Due to his refusal to answer Defendants’ questions, Defendants moved the district court
to dismiss Plaintiffs’ Second Amended Complaint as a sanction pursuant to its inherent authority.
In response to the Motion for Sanctions, Plaintiffs moved the district court to appoint a special
master to review the privileged and confidential documents and requested a continuance to file
the opposition to the Motion for Sanctions. Defendants opposed Plaintiffs’ special master
appointment and continuance motion, arguing that such appointment was unnecessary since the
district court had reviewed the documents and determined that they had been accurately
classified as privileged and confidential.
The district court denied Plaintiffs’ continuance
request, and set the Motion for Sanctions and special master appointment motion for hearing on
July 28, 2015. The district court later continued the hearing.
On August 10, 2015, Bradley requested permission from the district court to withdraw his
Fifth Amendment assertions and to supplement the record with an affidavit, which would
“provide the truth” about the privileged and confidential documents. (R. 78, Pls.’ Mot. to
Withdraw, PageID# 813 (stating that “the affidavit will provide the truth surrounding the
possession of the at-issue documents”).) He also requested an evidentiary hearing on the matter
in order “to uncover the facts necessary to determine the issues of willful behavior, privilege, and
undue prejudice to the defendants” so Plaintiffs could oppose the Motion for Sanctions. (Id. at
819−20). The district court granted Bradley’s motion to supplement the record with his affidavit
and his request for an evidentiary hearing.
4. Three-Day Evidentiary Hearing
The evidentiary hearing was held for three days in October 2015. In both the affidavit
and at the hearing, Bradley explained how, when, and why he obtained the privileged documents,
the scope of his review, and the extent of his unauthorized access to Cleves’ computer at The
Delp Company's office in Maumee, Ohio. The Court notes the following discrepancies between
Bradley’s affidavit and the testimony presented at the hearing.
First, Bradley explained in his affidavit that he found certain documents in the company’s
main conference room during the weeks of March 28, 2011 and June 6, 2011. At the hearing, he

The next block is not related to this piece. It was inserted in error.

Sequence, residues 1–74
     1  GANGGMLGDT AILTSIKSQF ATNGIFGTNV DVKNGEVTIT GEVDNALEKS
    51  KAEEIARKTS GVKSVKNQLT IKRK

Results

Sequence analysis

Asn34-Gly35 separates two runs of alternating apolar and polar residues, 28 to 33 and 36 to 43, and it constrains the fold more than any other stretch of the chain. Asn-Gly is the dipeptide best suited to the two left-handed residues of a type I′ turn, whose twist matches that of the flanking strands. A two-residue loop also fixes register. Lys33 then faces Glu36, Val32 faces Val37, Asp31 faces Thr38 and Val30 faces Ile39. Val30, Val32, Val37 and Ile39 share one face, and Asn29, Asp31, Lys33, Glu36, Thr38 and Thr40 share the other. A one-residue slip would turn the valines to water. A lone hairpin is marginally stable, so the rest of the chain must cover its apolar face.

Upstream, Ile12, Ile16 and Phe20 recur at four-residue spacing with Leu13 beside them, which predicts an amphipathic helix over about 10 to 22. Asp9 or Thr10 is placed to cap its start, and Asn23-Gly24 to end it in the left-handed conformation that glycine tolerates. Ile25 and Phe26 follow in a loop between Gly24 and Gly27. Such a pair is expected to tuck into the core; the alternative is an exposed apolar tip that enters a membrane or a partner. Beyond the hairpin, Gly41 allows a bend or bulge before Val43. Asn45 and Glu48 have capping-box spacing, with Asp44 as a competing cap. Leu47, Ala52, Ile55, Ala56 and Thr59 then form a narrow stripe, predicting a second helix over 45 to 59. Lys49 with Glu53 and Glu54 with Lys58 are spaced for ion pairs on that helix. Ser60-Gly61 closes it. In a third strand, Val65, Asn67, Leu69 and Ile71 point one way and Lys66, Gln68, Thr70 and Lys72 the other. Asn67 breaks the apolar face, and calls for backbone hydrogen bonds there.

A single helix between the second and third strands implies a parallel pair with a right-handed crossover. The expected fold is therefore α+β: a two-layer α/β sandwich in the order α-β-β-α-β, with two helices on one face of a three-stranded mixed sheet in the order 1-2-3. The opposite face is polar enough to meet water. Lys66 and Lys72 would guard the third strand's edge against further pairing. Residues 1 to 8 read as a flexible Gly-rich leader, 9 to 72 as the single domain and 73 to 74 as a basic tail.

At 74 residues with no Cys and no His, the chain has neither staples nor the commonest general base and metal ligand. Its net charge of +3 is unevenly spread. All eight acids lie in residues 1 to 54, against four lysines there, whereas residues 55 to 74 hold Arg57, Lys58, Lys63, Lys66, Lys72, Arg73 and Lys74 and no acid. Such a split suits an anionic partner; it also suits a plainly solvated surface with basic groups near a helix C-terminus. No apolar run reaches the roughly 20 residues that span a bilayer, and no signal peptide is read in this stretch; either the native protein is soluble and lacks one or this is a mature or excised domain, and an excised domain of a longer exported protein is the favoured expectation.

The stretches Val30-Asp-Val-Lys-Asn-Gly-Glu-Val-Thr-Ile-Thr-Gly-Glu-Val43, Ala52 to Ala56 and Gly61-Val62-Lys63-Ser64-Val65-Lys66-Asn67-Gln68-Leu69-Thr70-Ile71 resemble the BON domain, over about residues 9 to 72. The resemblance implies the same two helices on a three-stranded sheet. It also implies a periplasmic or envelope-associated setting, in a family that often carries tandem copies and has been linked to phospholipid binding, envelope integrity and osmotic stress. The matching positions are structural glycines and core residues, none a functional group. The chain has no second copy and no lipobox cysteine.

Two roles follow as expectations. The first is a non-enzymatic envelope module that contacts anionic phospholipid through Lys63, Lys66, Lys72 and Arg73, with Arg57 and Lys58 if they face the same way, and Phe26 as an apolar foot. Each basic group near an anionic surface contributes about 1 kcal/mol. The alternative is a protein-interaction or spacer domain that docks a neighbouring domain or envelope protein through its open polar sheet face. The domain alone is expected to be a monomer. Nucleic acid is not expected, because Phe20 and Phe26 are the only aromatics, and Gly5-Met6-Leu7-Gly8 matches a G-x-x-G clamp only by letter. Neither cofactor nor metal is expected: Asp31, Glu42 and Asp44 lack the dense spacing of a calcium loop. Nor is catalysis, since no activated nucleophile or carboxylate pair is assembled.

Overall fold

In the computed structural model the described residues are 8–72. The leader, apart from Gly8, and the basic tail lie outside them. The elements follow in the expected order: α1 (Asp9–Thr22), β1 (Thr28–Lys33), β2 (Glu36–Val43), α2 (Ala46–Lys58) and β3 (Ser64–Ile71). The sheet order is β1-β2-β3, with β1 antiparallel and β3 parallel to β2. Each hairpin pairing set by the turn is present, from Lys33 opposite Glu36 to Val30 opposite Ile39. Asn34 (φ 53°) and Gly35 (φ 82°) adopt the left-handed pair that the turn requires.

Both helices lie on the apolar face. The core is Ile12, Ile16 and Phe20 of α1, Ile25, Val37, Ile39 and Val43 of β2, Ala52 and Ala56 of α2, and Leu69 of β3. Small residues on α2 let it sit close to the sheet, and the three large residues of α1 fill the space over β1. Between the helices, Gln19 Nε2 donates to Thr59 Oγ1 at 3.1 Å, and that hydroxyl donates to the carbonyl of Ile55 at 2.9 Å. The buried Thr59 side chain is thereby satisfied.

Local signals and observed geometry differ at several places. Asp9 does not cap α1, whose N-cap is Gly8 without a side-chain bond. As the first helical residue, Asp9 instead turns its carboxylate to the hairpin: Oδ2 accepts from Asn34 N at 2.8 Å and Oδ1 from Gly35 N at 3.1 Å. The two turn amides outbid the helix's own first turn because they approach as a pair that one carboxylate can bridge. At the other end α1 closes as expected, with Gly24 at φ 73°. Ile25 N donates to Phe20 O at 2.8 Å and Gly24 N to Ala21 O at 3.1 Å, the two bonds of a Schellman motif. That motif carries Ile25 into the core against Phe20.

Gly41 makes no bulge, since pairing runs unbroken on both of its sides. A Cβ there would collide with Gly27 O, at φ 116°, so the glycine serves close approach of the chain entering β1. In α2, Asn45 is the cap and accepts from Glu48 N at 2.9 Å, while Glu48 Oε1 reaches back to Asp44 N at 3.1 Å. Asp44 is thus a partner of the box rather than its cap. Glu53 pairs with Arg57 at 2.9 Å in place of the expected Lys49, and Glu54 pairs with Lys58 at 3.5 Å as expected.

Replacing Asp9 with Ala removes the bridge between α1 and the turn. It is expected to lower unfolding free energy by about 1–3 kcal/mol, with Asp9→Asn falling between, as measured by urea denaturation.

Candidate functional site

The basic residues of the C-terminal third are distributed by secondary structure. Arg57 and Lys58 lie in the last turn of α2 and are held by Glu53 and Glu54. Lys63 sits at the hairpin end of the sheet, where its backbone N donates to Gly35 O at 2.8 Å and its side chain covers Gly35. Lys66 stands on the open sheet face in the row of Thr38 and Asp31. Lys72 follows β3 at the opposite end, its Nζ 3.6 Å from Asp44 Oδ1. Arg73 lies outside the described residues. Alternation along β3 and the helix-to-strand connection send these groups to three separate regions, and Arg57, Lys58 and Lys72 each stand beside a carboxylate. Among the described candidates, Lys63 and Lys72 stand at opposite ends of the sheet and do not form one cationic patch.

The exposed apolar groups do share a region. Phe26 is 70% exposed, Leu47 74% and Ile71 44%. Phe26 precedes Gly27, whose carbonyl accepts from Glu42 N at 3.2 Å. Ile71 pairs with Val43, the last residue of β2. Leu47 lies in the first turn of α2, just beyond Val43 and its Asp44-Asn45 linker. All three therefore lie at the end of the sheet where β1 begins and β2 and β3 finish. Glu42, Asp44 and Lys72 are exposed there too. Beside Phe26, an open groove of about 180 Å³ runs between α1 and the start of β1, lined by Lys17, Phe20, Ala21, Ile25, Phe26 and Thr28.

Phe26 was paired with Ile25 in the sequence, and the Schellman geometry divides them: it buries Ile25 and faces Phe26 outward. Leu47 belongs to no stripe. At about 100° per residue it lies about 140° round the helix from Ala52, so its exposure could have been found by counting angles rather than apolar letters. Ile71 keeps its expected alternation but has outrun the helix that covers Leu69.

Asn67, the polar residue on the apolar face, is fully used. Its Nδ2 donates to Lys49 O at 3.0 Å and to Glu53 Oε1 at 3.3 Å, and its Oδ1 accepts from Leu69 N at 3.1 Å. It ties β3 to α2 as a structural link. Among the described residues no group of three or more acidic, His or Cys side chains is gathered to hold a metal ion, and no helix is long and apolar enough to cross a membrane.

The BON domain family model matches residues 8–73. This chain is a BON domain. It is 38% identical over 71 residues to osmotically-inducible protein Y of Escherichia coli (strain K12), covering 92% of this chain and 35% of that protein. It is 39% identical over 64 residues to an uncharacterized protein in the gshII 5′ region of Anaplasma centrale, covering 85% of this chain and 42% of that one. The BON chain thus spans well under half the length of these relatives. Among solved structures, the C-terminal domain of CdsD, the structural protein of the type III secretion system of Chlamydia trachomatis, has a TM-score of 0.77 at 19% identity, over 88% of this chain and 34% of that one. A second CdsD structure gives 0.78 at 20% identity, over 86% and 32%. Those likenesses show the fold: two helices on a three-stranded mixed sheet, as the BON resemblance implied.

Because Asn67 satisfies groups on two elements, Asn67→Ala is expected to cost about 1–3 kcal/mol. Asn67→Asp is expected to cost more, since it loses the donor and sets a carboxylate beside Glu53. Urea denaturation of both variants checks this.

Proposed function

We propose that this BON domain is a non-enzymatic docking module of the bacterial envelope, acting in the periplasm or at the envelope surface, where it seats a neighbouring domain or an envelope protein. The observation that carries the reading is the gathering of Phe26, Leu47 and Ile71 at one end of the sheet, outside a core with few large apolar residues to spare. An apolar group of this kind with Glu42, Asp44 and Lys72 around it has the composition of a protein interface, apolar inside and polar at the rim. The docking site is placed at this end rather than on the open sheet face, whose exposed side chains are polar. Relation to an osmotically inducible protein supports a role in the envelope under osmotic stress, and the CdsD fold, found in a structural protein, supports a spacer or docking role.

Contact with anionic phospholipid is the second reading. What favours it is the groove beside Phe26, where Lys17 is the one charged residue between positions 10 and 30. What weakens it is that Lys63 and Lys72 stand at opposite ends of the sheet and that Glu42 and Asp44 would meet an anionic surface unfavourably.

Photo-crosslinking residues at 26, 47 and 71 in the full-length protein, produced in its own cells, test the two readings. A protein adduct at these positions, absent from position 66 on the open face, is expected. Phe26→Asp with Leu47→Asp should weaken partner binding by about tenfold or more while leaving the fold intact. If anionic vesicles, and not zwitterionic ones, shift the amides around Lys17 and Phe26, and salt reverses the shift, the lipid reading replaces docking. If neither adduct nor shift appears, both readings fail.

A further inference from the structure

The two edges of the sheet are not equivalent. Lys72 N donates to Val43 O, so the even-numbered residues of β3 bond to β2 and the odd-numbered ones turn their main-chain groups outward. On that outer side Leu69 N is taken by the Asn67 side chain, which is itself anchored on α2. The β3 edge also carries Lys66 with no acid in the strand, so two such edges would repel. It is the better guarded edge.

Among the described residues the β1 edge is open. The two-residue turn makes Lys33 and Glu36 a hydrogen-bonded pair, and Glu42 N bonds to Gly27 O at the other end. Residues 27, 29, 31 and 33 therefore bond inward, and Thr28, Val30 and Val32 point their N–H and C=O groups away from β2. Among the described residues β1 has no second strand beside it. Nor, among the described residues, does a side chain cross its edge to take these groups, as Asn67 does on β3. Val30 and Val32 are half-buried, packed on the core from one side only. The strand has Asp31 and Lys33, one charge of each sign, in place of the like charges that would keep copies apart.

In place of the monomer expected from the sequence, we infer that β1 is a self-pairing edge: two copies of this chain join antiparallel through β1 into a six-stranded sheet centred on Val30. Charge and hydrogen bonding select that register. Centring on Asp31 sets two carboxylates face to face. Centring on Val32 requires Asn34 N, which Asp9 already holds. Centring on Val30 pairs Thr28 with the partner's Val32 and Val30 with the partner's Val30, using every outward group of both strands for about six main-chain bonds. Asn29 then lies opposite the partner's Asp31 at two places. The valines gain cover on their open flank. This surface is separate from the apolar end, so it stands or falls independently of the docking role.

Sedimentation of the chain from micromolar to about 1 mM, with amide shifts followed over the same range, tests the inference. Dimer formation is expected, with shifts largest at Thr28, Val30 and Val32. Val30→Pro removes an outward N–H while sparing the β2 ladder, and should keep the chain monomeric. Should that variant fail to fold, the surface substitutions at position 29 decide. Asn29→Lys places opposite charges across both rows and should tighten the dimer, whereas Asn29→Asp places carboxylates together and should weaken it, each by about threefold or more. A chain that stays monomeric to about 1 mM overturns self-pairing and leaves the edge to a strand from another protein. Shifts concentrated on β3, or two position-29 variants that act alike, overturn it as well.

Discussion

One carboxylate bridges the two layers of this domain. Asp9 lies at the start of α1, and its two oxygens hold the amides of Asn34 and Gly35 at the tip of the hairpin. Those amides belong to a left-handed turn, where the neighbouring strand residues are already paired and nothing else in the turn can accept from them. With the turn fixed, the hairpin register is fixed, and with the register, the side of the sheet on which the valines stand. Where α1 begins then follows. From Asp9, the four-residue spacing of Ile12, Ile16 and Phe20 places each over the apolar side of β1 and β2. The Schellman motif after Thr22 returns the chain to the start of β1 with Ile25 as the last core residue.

claimed that these documents were left on a shelf under the phone.
testimony from the company’s longtime employee, Beth Loy, that the company had a protocol
for keeping track of and removing any documents or papers that were left behind in conference
rooms. The protocol involved morning and evening reviews of all the conference rooms, and an
inspection of the room after each meeting. The documents that Bradley claimed he took from
the conference room on Tuesday, March 29, 2011, were dated February 15 and 18, 2011.
Second, Bradley explained in his affidavit that on Thursday, May 12, 2011 and Sunday,
July 17, 2011, he entered Cleves’ office and gained access to Cleves’ email inbox without
entering a password, and then printed every email that he viewed. At the hearing, Bradley
described that on both dates, he jiggled Cleves’ computer mouse and Cleves’ email inbox
appeared on the screen. He denied knowing Cleves’ password or entering login information. He
testified that he searched Cleves’ email inbox using the term, “Erblich,” opened randomly
selected emails from those search results, printed every email he viewed, and produced to the
court and Defendants every email he printed.
Defendants put the company’s network administrator, Ryan Valek, on the stand. Valek
testified that all of the company’s computers required a password to login and that the each
computer automatically logs out after ten to fifteen minutes of inactivity. Once logged out, the
user would move the mouse to reactivate the computer, which would bring the user to a sign-in
screen where the user would need to enter a password to gain access to email and any other part
of the company’s computer network. Valek also testified that the passwords change periodically
and only an administrator could change any password or logout inactivity settings. Valek further
testified that as the network administrator, he did not disable the password requirement for any
computer used by Cleves.
Third, Bradley originally testified that he only searched and reviewed emails that
contained the term “Erblich” because he was “looking for evidence of a conspiracy between
Cleves Delp and Chris Erblich to unlawfully terminate [Bradley’s] ownership in [The Delp
Company] and DelHold.” (R. 101−103, Evidentiary Hr’g Tr., PageID# 80−85, 115−17.) On
cross-examination, Bradley’s testimony was elusive as to whether he only searched and reviewed
emails that contained the term, “Erblich.” (Id. at 126−27.) When asked how he came upon a
document that did not contain the term, “Erblich,” he stated that he did not know. (Id.) Bradley
also stated that his “Erblich” search was “primarily what [his] search was” for. (Id.) However,
in response to the question of whether he performed more searches than just a search for the
word “Erblich,” he stated that he “only searched ‘Erblich.’” (Id. at 127.)
Fourth, Bradley stated in his affidavit that he printed and produced every email that he